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Former Justice Secretary Doubts "Pyjama Injunction" Will Block Rwanda Deportations

A group of people thought to be migrants are brought in to Dover, Kent, by the Border Force following a small boat incident in the Channel, 23 April 2024 (Alamy)

4 min read

Former Justice Secretary Robert Buckland believes it is “very unlikely” that European courts could use an injunction again to stop asylum seekers being deported from the UK to Rwanda now that the revised legislation has passed.

The Safety of Rwanda Bill, legislation designed to allow Rishi Sunak’s plans to deport asylum seekers in to the East African country, passed into law this week following weeks of back-and-forth between the Houses of Commons and Lords.

Ultimately peers backed down on their demands for an independent committee to monitor the safety of Rwanda, and an exemption for people who have supported British armed forces abroad late on Monday night. Peers did not push the exemption amendment to further vote on Monday evening after Home Office minister Lord Sharpe of Epsom said that the government will not remove to Rwanda anybody who is found to have links to Afghan specialist units in a review.

Sunak said on Monday that he hoped deportation flights would be able to take off in the next 10 to 12 weeks, indicating that the first asylum seekers could be sent to Rwanda in the summer.

While Government has been concerned that deportations could still be subject to legal challenges, Buckland, who served as Justice Secretary for more than two years under Boris Johnson, told PoliticsHome podcast The Rundown that he would be “surprised” and “concerned” if a so-called “pyjama injunction” was granted again. 

In summer 2022, the first flight to Rwanda for asylum seekers was blocked in the final hours by a European Court of Human Rights Rule 39 injunction. 

These decisions are often referred to as “pyjama injunctions” as they can be issued late at night.

“The court has already reformed its procedures to to raise the threshold before which such an injunction can be granted,” Buckland explained.  

"I'd be very surprised and concerned if it was, frankly.” 

The legislation, which received Royal Assent on Thursday, states that only a ministers would have the right to decide whether or not to comply with such an order from the European Court.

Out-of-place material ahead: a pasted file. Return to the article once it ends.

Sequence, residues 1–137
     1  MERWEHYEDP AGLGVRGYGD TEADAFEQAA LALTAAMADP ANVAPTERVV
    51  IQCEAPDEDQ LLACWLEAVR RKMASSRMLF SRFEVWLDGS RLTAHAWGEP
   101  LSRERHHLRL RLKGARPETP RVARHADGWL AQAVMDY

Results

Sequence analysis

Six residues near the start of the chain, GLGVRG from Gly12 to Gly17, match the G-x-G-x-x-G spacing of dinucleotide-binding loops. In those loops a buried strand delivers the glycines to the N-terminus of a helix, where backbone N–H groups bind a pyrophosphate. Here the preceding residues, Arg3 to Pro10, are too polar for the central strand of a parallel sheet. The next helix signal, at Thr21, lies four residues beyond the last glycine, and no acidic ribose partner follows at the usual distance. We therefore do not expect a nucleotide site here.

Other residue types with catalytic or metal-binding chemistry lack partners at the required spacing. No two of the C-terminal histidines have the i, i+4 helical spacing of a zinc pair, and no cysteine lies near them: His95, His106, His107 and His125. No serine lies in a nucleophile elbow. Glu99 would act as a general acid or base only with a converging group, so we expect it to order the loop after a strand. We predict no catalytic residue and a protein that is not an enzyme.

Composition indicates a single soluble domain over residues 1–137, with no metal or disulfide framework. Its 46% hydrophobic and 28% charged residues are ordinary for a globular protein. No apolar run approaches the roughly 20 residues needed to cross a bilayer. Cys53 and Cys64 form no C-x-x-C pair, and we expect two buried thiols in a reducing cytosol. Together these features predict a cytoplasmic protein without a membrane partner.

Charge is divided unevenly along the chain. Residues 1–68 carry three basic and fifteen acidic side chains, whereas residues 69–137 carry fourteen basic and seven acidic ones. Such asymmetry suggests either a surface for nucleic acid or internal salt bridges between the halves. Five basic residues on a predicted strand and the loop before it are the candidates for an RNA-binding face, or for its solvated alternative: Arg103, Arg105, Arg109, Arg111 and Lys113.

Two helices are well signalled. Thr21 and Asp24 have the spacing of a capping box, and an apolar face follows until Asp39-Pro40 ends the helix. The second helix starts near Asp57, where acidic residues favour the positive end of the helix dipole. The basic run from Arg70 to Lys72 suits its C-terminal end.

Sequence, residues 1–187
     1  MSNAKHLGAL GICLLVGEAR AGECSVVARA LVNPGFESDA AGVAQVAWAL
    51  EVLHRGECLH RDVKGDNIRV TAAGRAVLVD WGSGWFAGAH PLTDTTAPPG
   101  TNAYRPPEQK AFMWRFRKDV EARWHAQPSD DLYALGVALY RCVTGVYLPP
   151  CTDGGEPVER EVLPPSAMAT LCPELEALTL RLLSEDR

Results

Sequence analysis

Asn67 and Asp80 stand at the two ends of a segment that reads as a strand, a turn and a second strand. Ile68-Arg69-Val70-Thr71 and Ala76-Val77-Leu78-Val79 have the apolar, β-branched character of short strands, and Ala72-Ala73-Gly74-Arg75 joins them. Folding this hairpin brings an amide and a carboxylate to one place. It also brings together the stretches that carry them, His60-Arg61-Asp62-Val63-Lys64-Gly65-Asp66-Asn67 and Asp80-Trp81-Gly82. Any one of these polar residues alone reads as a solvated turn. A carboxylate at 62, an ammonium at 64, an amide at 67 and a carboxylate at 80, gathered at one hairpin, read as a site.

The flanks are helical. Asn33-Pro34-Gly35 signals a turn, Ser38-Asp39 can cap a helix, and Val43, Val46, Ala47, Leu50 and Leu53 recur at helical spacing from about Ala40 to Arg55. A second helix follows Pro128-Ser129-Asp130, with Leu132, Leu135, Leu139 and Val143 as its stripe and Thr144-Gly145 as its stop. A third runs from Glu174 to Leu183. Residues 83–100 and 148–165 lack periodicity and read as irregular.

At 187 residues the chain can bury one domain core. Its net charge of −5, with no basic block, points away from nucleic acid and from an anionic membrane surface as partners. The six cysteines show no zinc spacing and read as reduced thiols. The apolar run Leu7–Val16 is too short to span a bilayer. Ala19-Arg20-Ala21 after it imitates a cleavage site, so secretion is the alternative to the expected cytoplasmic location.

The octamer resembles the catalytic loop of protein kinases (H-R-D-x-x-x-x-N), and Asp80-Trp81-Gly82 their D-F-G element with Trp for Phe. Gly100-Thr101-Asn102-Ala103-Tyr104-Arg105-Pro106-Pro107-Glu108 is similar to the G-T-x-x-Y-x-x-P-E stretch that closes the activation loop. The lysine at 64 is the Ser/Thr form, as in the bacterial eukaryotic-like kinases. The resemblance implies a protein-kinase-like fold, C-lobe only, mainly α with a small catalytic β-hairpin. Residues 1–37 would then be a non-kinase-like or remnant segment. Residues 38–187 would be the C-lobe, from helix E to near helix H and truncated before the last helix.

According to the Institute for Government, there are several different types of legal challenge that could be launched against the legislation, including a “constitutional challenge” to the plans as a whole, and a declaring the law incompatible with the Human Rights Act. 

The legislation does also allow for challenges based on a person’s individual circumstances, with the Secretary of State or an immigration officer able to decide whether Rwanda would be safe for that person. 

As well as the possibility of legal challenges to deportations, some have raised concerns about the impact that the passage of the bill could have on Britain’s standing on the world stage. 

Comments from French President Emmanuel Macron earlier this week indicated he was unhappy with the UK’s plans. In a speech on Thursday – in which he did not mention the Rwanda scheme directly – he said he did not believe in “model that some people want to put in place, which means that you go and look for a third country [...] and send our immigrants there”. He described such plans as “a betrayal” of values. 

Abdy Yeganeh, a former British diplomat for the Foreign Office and now policy director at non-profit organisation Independent Diplomat said the bill’s passage “definitely does have an impact” on the UK’s reputation. 

“UK Foreign Policy has always been based around the rules-based international system and that's always been the backbone of our foreign policy approach,” he told PoliticsHome. 

“I would say the Rwanda Bill and the internal turmoil that we've had in Westminster has had an impact on the UK's status internationally, it's quite evident.” 

He said he has heard from others in diplomatic circles that the “UK government's handling of refugees and migrants” means that “ it's very difficult for the UK to be really assertive in certain parts of the world.” 

"For example, the issue of Rohingya refugees, more refugees are having to flee to neighbouring countries and regions to seek refuge and the handling of their treatment is not great. Well, it's very difficult for the UK to tell them how to address the refugee crisis given how the UK is handling it when it comes to refugees and migrants in boats on our shores.

“It's difficult to take that kind of rules-based international system and apply it in a piecemeal fashion. I think that's where there's a tangible effect and I think it would be very difficult if there are any refugee migration crises elsewhere globally for the UK to play a very assertive constructive role on that.”

Additional reporting by Zoe Crowther 

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